Arenas played the next game, a loss in New Jersey, but was dealt two days later.

Asked what led to Arenas getting traded, Leonsis would only say, "I think Gilbert wanted to be traded. I think Gilbert thought that was a good for him."

The Wizards were never bothered by Arenas's relationship with Smith, a person Arenas refers to as a father figure, and never questioned what topics the two discussed. Although Arenas publicly acknowledged that he asked Smith to come get him, the Wizards never considered investigating the Magic for tampering. The team had been open to dealing him for some time. As one league source said of the trade, "It had to happen."

Smith said after the trade that his relationship with Arenas wasn't the primary reason that he made the deal. "I have a close personal relationship with everybody in that locker room, even some of the guys I traded. You're constantly evaluating. I'm just as close to Jameer [Nelson] and Dwight as I am to [Arenas]. I don't think it matters one way or another. When it's time to move the team forward, you have to do what's in the best interest of the franchise."

'The odd man out'

A person close to Arenas said the three-time all-star never believed that Leonsis was seriously planning to keep him around for the length of his contract, which has three years and nearly $63 million remaining after this season. Arenas, 28, admitted before the deal that he felt like "the odd man out," as the team focused on getting younger and building around No. 1 overall pick John Wall. He struggled playing off the ball and felt the team was headed in a different direction when Saunders utilized him early in the season in a reserve role.

The Wizards felt that acquiring Lewis would help open more opportunities for guard Nick Young while adding another perimeter scorer to assist Wall.

The trade initially left Lewis distraught, as he moved from a title contender to a team likely headed to its third consecutive lottery appearance. He said he was shocked by the trade. People close to Howard felt the center's demeanor was different from past seasons, as his once jovial nature was replaced by a more serious tone, which spilled out during his comments in Portland. The Magic had lost four of five before Smith made the trade.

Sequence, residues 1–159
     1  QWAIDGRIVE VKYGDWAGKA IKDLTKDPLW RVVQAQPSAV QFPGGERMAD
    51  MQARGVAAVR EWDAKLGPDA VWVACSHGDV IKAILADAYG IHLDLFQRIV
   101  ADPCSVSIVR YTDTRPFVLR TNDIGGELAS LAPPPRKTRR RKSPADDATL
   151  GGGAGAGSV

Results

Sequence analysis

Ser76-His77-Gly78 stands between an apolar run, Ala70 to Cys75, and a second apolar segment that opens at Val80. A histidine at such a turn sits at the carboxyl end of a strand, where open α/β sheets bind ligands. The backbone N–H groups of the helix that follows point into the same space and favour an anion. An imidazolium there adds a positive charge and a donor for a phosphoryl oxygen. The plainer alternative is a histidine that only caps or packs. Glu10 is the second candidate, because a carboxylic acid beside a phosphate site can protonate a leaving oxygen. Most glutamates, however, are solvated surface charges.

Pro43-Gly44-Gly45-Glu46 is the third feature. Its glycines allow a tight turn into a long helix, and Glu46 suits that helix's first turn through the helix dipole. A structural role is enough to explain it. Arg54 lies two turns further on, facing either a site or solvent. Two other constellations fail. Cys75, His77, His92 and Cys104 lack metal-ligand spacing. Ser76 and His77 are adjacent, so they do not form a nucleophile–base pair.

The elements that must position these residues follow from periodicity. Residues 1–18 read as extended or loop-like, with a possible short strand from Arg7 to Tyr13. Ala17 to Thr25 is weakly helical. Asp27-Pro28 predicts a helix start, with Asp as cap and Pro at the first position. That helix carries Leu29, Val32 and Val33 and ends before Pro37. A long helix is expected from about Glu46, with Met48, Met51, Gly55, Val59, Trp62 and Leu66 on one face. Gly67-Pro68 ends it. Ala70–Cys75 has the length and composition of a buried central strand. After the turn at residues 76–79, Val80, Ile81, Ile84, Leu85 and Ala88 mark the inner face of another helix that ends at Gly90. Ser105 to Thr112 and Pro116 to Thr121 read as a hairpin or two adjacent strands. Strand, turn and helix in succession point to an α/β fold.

"It could've been that trip, or maybe it was a combination of different games we won and games we was losing, playing against the Miami Heat, early in the season, got blown out," Lewis said. "You always think about what you could've done. All the time, I think about that, not only that, what could I do different to not be traded, but just in life in general, last year, or what I did in the Finals, or what I could've done last game in New Orleans to win a road game. You always have to look yourself in the mirror and not point the finger at anyone else."

In the 24 games since the trade, the Wizards have made a one-game improvement, going 7-17 after starting the season 6-18 with Arenas. Leonsis said the franchise is moving on. "It's been one of those deals that has allowed us to move past the old Big Three foundation of the team and get on with the rebuild. I'm happy with the trade and I'm happy with the way Rashard Lewis is playing and the influence he's having on the team. I'm wishing Gilbert the best."